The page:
Web Gear Basics, by Jeff J.

I had been thinking for some time about what topic I should write about that may help others here on SurvivalBlog. I myself am fairly new to prepping and have tried to soak up all the information this site provides and that Mr. Rawles has graciously provided.

Last year I purchased and read the book “How to Survive the End of the World as We Know It.” I enjoyed the book incredibly and learned so much more. For one, I realized that I am far from reaching my goals of being self sustaining and providing for the needs of my family if the Schumer hits the fan any time soon.

One part of the book I liked spoke about web gear and how it should be an integral part of your battle rifle and day to day equipment. I have thought about this topic and decided I would try to share some ideas and basics about web gear. I would never intentionally plan to take away from Mr. Rawles book but hope this adds to or supports his writings.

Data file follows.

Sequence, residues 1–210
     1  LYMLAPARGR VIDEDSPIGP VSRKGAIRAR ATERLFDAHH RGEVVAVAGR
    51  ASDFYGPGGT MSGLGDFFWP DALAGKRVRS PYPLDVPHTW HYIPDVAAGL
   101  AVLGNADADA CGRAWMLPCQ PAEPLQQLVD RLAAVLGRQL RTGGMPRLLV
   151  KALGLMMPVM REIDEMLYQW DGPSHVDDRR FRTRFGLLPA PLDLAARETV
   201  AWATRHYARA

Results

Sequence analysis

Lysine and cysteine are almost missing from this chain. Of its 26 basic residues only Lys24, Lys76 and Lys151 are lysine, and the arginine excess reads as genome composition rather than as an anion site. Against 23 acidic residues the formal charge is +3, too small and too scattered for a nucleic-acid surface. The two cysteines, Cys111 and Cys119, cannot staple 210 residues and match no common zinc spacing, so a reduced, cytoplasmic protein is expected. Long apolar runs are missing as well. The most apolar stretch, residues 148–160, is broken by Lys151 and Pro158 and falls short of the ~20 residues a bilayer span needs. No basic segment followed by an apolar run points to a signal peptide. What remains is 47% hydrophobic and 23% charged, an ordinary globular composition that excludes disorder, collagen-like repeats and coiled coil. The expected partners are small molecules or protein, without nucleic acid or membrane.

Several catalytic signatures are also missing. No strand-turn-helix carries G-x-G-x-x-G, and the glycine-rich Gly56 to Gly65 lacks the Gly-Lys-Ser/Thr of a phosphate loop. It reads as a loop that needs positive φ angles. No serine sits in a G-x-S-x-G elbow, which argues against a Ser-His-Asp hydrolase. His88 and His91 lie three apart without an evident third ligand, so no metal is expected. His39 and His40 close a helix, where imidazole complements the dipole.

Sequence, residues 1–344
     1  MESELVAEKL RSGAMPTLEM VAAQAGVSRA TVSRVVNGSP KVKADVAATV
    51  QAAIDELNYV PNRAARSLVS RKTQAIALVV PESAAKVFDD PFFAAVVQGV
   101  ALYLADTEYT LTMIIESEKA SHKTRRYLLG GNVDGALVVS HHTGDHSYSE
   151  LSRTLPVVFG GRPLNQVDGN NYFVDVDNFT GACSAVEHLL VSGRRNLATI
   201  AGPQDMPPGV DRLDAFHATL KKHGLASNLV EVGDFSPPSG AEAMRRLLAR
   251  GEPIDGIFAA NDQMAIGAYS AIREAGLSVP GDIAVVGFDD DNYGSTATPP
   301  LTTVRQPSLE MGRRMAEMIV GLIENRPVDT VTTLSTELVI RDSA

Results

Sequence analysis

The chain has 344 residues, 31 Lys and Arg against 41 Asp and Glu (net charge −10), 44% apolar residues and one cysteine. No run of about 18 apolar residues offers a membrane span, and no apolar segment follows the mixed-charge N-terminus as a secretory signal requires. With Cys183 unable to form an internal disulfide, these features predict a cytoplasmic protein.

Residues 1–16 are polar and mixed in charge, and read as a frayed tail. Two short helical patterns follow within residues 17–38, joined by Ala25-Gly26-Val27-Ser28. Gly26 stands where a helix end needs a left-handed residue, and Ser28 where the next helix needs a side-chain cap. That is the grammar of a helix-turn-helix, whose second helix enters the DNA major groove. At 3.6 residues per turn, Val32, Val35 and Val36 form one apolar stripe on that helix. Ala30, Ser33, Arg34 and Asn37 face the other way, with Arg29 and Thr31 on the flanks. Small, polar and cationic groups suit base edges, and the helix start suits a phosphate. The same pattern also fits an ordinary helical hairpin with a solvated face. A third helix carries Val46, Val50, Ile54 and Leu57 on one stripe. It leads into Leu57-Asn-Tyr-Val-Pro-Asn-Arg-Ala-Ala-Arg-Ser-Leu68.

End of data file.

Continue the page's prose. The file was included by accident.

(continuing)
I must also state I am no expert in military equipment or believe my opinions expressed here are taken as such. I am a veteran of the USMC and currently a LEO. I have used several different types or styles of web gear during my two careers. I have personal pros and cons for each system I have used. Hopefully someone out there can benefit from this information.

To begin I want to state there are many styles, designs, colors, patterns, and even names for web gear. I personally have always generically called it a Load Bearing Vest (LBV). Web gear seems to be a fairly general term encompassing the many different types there are out there.

Some of the other names you may hear are: Web Gear, LBV, Chest rig, Tactical vest, MOLLE vest, MOLLE gear, and Enhanced load bearing vest. I am sure there are other names given to and to describe web gear. These are just some of the more prominent ones.